Our domestic partners may get annoyed with us. “Don’t paint the kitchen, we’ll just have to re-paint it when we move out, like, five years from now.” “We don’t have to hang that rug on the wall before the party, it’s no big deal.” “It’s just a rental, why are you bothering?”
These people may believe that their sense of well-being, productivity and ability to sleep at night does not hinge upon the color of their bedrooms, but these people may be wrong. Most of our nervous system responses are hard-wired and beyond our conscious control. And doing battle with stress-inducing ambient cues, day in and day out, has devastating consequences.
So, forthwith, we provide a primer on How To Choose Your Room Colors.
Step 1: Ask yourself how you want to feel in a particular room.
Nobody ever says to themselves, “I want to feel angry, nervous and depressed when I go into my kitchen.” Instead, their kitchen designer, who always orders take-out, says, “Kitchens should be elegant, timeless, and cave-like. Because our ancestors cooked in caves.”
This is the kind of kitchen that induces you to stick a Stouffer’s in the microwave and scarf it with a chaser of bourbon, because what’s the use?
Your kitchen, ideally, should inspire you to make fabulously creative, scrumptiously healthy meals for the crowd of awesome people who wandered over with a bottle or three of good wine, because it’s just so much fun to hang out there.
But in order to figure out what colors will provide that specific company-and-wine-attracting vibe, you must perform:
Step 2: Honestly analyze the quality of your natural light.
The biggest mistake I see enthusiastic room-painters making, in the upper Northern Hemisphere, is going into denial about how much light they have access to, or thinking that they can fake it.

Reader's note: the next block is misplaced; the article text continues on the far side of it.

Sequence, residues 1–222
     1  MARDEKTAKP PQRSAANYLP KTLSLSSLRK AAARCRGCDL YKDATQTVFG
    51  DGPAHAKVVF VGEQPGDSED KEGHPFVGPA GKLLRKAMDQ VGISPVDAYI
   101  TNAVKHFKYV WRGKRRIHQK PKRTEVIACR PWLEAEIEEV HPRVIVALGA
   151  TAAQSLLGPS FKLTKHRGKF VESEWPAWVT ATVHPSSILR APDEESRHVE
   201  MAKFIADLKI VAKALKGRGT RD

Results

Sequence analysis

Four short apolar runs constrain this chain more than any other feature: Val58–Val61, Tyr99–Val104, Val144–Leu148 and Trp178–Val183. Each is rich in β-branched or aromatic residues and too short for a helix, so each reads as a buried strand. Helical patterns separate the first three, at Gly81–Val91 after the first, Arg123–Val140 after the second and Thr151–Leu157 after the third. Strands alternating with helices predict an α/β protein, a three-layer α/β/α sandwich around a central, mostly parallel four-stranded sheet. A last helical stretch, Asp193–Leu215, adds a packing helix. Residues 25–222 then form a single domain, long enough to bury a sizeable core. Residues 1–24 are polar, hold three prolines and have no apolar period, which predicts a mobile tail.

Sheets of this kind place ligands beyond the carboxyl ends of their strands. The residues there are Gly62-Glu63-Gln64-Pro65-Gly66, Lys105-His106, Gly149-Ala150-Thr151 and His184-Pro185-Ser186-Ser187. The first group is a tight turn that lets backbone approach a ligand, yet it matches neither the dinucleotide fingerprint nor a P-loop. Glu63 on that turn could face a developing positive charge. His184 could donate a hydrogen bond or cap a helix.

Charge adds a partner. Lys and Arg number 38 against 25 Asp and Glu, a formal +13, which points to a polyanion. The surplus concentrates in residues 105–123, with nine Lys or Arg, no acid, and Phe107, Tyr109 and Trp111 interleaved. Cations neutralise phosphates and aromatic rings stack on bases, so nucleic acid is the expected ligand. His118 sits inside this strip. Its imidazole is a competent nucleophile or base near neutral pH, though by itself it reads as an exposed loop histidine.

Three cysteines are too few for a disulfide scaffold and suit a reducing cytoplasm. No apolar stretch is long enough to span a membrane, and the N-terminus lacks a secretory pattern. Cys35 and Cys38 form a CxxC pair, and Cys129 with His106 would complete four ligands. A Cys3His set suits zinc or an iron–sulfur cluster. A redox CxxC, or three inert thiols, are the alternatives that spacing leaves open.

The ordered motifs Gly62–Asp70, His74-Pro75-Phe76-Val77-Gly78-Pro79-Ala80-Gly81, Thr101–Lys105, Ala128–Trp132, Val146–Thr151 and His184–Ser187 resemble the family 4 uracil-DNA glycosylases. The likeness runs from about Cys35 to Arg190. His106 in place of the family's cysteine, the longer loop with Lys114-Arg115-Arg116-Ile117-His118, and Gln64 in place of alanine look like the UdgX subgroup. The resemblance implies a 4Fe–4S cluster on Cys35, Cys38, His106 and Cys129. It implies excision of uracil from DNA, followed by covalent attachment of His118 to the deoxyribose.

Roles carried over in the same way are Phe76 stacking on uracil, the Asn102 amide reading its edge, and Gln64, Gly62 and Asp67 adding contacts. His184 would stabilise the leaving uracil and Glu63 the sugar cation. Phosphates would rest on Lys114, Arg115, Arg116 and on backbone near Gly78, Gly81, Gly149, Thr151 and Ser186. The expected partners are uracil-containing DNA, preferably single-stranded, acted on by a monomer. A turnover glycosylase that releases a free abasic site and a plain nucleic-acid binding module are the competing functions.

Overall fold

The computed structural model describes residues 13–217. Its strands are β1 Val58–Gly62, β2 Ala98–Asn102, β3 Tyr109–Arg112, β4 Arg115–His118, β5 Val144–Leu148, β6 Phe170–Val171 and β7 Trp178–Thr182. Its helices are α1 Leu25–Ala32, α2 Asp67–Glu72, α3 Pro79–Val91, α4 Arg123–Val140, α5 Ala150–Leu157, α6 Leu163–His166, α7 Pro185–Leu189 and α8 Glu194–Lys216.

Let me explain. The closer a person lives to the Equator, the drier the climate, and the higher the altitude, the jollier the colors they can get away with. This is why Tibetan Buddhist monasteries are painted the way they are.
Bright, strong, clear light, coupled with high ceilings, can carry a palette straight out of Romper Room. Nothing ever clashes in direct sunlight. The louder the better. There are walls in Mexico that you can practically see with your eyes closed, so saturated, enveloping and pervasive is the color. It’s not tacky or horrendous in the least.
But when you try to convert your low-ceilinged, north-facing, ground-floor apartment into your own little Buddhist temple, north of the Tropic of Capricorn, nightmares ensue.
General rule of thumb: the higher the ceiling and the larger the windows, the more you can use saturated colors. The lower the ceilings and the foggier your light, the more you have to dust it down.
That doesn’t mean you can’t go bright; it means you must go oblique. You use colors with earthier hues. Dusty rose instead of cotton-candy pink; butternut yellow instead of sunflower. You can get away with almost anything, as long as you mix a good dollop of some phlegmatic neutral into your glowing paint bucket.
Step 3. Don’t try to brighten up a dim room by painting it white, or beige, or pastel.